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August 1 2021 12:37 PM ˚

It’s time for ladies to change the game

Left to right: Yasmeen Shabsough, Prince Ali Al Hussein, Haneen Khateeb (Photo: Handout from Haneen Khateeb)
Left to right: Yasmeen Shabsough, Prince Ali Al Hussein, Haneen Khateeb (Photo: Handout from Haneen Khateeb)
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AMMAN – Women athletes are often thwarted by gender inequalities in sports, and football player Haneen Khateeb believes it is time for this to change. اضافة اعلان

“My main goal is to encourage women and help them believe in themselves and follow their passions,” said Khateeb in a recent interview with Jordan News.

Khateeb described to Jordan News her experience at Mount Kilimanjaro, which is located north of Tanzania and listed as Africa’s highest peak. There, she played a football game at an altitude of 5,714m and, along with her teammate Yasmeen Shabsough, won a Guinness Record.



“Representing Jordan, our beloved country, Yasmeen and I climbed Mount Kilimanjaro with other female footballers to play a match on the highest peak of Africa and under extraordinary conditions,” she said.

Equal Playing Field (EPF), through which Khateeb and Shabsough reached Kilimanjaro, is an initiative that raises awareness about inequalities faced by women in sports.

“I joined Equal Playing Field to support this initiative and raise awareness about the importance of women in sports,” Khateeb said, adding that she hopes this would also challenge female athlete stereotypes.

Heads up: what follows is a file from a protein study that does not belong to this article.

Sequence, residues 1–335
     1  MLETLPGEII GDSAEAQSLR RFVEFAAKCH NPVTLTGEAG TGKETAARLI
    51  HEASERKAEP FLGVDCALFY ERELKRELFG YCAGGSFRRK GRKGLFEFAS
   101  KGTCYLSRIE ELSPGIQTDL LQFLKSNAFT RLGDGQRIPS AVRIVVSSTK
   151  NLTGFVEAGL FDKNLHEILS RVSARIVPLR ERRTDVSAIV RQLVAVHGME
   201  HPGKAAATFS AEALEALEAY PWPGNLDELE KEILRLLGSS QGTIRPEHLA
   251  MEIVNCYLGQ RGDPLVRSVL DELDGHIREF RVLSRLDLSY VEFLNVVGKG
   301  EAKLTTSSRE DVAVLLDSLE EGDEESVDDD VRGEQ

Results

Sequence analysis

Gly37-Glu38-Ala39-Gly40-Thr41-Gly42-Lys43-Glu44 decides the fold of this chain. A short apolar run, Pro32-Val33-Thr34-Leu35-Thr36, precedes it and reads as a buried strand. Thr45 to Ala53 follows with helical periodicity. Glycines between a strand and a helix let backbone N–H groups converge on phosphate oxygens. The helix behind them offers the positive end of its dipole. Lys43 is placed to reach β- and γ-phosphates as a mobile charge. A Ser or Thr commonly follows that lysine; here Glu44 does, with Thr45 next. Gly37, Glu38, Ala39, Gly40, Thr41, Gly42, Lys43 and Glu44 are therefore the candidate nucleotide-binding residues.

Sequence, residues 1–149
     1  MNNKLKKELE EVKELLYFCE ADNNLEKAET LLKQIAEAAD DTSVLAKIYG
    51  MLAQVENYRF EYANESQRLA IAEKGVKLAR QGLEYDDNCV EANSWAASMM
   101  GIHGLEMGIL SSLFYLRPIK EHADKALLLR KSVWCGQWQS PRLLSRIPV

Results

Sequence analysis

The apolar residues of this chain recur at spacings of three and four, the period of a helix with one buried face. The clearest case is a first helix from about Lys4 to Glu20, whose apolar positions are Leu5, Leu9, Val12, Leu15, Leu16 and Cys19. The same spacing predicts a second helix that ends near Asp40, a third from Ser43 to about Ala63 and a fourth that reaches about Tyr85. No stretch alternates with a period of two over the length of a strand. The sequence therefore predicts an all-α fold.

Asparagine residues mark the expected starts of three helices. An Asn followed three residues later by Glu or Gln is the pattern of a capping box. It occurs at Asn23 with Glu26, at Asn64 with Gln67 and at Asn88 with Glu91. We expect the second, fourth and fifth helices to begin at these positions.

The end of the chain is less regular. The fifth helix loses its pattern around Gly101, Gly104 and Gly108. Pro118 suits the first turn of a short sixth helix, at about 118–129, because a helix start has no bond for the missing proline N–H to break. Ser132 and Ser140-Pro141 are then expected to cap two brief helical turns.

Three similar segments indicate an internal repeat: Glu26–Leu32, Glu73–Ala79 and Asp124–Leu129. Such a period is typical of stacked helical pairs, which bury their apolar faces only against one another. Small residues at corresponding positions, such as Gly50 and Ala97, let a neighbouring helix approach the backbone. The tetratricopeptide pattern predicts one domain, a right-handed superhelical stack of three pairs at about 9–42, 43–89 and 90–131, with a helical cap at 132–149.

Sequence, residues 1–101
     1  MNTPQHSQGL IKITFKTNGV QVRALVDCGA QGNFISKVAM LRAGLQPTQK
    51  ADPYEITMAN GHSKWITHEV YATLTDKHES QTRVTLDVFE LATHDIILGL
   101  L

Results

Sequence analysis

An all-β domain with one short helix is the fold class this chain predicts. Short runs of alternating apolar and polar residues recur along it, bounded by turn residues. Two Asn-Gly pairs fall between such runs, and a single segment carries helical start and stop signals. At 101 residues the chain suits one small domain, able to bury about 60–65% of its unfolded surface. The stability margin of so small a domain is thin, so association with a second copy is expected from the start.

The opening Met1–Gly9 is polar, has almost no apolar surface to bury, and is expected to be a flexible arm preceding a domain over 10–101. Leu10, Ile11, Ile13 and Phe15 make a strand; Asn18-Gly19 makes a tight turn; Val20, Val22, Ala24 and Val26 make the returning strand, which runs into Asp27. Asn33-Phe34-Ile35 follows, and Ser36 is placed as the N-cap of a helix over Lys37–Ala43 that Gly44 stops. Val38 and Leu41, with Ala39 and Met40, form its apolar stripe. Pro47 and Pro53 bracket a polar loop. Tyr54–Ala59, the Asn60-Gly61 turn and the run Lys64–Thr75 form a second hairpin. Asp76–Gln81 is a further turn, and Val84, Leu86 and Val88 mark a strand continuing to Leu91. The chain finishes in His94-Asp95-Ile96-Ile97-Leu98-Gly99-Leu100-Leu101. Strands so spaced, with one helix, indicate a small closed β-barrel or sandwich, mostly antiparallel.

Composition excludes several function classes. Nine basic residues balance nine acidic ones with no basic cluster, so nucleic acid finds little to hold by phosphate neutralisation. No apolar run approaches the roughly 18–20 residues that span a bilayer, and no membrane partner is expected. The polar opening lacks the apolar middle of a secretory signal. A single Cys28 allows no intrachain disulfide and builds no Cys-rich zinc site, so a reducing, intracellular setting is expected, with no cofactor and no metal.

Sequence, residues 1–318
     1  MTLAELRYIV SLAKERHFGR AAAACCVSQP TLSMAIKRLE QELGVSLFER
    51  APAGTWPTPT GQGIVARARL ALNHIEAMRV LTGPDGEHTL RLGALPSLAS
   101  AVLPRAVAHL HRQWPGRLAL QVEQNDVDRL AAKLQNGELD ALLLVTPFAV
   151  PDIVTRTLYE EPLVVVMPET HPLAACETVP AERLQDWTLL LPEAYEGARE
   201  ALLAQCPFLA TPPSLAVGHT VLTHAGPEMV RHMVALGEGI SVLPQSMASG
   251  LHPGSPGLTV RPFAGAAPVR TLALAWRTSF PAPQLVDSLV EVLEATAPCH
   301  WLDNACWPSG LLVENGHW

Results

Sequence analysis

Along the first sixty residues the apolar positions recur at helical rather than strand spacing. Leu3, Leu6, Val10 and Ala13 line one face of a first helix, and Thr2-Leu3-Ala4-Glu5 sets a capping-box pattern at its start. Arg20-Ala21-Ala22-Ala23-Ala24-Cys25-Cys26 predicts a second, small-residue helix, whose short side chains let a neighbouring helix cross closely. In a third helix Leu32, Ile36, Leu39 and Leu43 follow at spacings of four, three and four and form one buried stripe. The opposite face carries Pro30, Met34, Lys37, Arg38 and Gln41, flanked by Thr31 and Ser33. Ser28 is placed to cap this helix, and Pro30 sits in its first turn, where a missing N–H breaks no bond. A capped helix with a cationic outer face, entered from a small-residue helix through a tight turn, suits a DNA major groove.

The footballer discussed that after the Mount Kilimanjaro game, Jordan hosted the lowest altitude women's football game, which took place at the Dead Sea — the lowest point on earth.

“It started as a joke, then it turned into our second world record,” said Khateeb.

Khateeb started playing football when she was 11 years old.

“In the old streets, I used to play football with the boys in my neighborhood, which we made into our own playground. I played until the age of 16, and then the culture emerged that girls should not play football,” she said. “Since then, I treated football as my passion.”

For seven years, Khateeb played for Amman Club, Jordan's highest ranking women's football club. She then played for Jordan Football Association, representing the Kingdom in several championships. Next, in 2016, she co-organized the 2016 U-17 Women’s World Cup in Jordan.

Among Jordan’s achievements in the sports field, Khateeb saw HRH Prince Ali Al Hussein’s Asian Football Development Project (AFDP) as the most enlightening.

She said “AFDP, which aims to develop sports and give opportunities to refugees and disadvantaged people,” evoked in her the desire to train young girls in football.

She added that Prince Ali Al Hussein has been a strong advocate for gender equality in football — both in Jordan and across the globe.

“The event was attended by 14 countries from all over the world, some of whom do not speak the language of the other,” she said. “But football was the way of communication, which created harmony between the teams.”

Since then, Khateeb has worked as a sports development officer for Madrasati, a Royal initiative launched by Her Majesty Queen Rania Al Abdullah, from 2017 to 2019, and today, she is fulfilling one of her goals at GIZ Jordan, a project that utilizes sport as a tool for social development in children.

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